Think of the Iranian nuclear crisis in terms of (American) football. The game is approaching the half-way point of the fourth quarter and the score is Iran 7-United States and her Allies 3. President Obama is the quarterback. So far, he’s spent the game unsuccessfully trying to connect with his prolific receivers (diplomats). Time is running out and if he cannot put some points on the board, the special teams coach (Israel) is going to try pulling off a risky stunt that potentially will wind up doing more harm than good. For the moment, quarterback Obama is sticking with the passing game. In the backfield, however, is an unused weapon; a 250 lb Craig Heyward-esque brute of a fullback (US military). Obama realizes if he turns the fullback loose, he will find the end zone. It will not be pretty. Much damage will be caused, and the sports writers (media) and fans (American public) will question whether the move was even necessary.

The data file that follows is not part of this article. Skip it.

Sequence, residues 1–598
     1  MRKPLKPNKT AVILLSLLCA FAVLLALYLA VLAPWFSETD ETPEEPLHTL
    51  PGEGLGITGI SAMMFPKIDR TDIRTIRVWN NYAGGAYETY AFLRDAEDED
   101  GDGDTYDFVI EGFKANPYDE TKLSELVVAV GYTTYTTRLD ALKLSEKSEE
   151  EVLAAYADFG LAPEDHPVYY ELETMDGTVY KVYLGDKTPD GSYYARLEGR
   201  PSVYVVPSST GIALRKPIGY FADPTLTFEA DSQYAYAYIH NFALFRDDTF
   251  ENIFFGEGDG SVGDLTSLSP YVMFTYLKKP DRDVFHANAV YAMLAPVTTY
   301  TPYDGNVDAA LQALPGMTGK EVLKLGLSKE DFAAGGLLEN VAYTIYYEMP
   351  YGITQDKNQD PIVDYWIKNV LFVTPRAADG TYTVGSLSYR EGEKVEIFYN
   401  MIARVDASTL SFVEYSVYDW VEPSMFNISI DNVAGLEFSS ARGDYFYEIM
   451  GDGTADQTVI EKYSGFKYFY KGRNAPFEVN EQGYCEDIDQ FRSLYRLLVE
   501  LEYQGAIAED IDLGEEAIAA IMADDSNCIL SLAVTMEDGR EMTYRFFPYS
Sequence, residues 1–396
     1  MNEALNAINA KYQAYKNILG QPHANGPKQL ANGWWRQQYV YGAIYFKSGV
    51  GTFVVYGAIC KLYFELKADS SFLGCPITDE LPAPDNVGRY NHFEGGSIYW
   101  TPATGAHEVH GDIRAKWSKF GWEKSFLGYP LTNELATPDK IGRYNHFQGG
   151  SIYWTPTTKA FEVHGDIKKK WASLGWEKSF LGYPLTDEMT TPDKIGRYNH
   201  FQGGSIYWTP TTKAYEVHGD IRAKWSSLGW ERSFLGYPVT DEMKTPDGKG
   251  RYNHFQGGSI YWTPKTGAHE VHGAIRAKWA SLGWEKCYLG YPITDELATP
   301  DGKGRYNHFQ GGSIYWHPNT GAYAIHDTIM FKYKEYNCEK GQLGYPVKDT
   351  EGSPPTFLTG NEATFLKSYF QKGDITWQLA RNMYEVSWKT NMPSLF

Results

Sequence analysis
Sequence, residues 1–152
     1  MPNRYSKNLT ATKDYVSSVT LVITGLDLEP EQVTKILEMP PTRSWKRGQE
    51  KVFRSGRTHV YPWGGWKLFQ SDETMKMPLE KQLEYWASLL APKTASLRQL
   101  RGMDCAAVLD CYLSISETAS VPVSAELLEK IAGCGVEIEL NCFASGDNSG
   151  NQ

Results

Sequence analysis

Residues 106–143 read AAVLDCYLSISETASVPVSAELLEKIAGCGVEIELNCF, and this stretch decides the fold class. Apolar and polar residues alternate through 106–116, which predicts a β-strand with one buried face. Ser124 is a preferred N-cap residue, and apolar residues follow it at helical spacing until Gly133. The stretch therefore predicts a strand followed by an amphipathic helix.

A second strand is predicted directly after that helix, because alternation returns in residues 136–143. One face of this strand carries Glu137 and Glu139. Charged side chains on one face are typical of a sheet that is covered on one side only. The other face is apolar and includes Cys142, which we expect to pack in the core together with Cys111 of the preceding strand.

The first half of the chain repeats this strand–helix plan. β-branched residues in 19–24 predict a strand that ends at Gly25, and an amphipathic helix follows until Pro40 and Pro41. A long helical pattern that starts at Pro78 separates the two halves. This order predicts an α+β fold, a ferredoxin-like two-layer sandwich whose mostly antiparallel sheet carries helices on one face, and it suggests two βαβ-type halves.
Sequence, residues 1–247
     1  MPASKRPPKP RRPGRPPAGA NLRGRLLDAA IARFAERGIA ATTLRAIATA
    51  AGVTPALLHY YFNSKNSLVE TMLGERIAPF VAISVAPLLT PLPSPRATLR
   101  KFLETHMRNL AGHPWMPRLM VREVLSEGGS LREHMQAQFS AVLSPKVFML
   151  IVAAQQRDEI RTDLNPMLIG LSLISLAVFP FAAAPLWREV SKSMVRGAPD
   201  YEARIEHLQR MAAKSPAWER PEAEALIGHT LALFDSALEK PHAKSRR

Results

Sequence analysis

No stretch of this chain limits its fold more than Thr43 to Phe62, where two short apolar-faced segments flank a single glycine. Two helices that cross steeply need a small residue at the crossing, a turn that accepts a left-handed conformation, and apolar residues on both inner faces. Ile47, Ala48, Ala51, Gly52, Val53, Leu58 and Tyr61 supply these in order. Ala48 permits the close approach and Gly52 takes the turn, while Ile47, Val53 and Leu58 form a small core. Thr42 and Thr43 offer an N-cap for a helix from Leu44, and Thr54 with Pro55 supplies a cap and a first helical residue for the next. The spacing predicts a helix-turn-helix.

The moment has not arrived yet. However, it is rapidly approaching. Time is running out and President Obama is going to have to seriously consider handing the ball off to the US military in order to ensure that Iran never obtains nuclear weapons.
The latest round of talks between the P5+1 and Iran last month in Almaty concluded, once again, without a concrete agreement between Iran and the UN Security Council Powers, in addition to Germany. While it is unrealistic to expect that an agreement will be reached anytime soon, a genuine sign of progress would prove helpful at this point in time. The Almaty talks, despite the media spin, failed to achieve this. Iran continues its attempt to tie other regional issues, namely Syria and Bahrain, to the resolution of the nuclear crisis. Sanction removal with as little compromise as possible is another primary goal that Iranian diplomatic efforts are aimed at achieving.
It is evident that diplomacy between Iran and the West is mired in a vicious circle. The United States and her allies are making a maximum diplomatic effort backed up by economic sanctions. The result, thus far, has been far less than expected. Iran has endured the sanctions and has not made a significant concession on its nuclear program. Time is on Iran’s side, and the leadership in Tehran understands this fact all too well. The longer that the diplomatic process is drawn out, the closer Iran comes to producing nuclear weapons.